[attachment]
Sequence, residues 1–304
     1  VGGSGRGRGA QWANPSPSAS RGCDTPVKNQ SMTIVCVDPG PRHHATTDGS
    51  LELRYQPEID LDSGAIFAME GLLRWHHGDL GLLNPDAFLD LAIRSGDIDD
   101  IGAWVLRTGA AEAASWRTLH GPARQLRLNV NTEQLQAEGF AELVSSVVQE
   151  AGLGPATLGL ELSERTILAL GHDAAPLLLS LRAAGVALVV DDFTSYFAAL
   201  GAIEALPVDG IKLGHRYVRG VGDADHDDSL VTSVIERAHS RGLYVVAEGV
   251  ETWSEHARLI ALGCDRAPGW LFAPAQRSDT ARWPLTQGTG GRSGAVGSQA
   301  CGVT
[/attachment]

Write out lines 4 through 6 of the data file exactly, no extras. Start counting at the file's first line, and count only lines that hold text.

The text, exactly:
   101  IGAWVLRTGA AEAASWRTLH GPARQLRLNV NTEQLQAEGF AELVSSVVQE
   151  AGLGPATLGL ELSERTILAL GHDAAPLLLS LRAAGVALVV DDFTSYFAAL
   201  GAIEALPVDG IKLGHRYVRG VGDADHDDSL VTSVIERAHS RGLYVVAEGV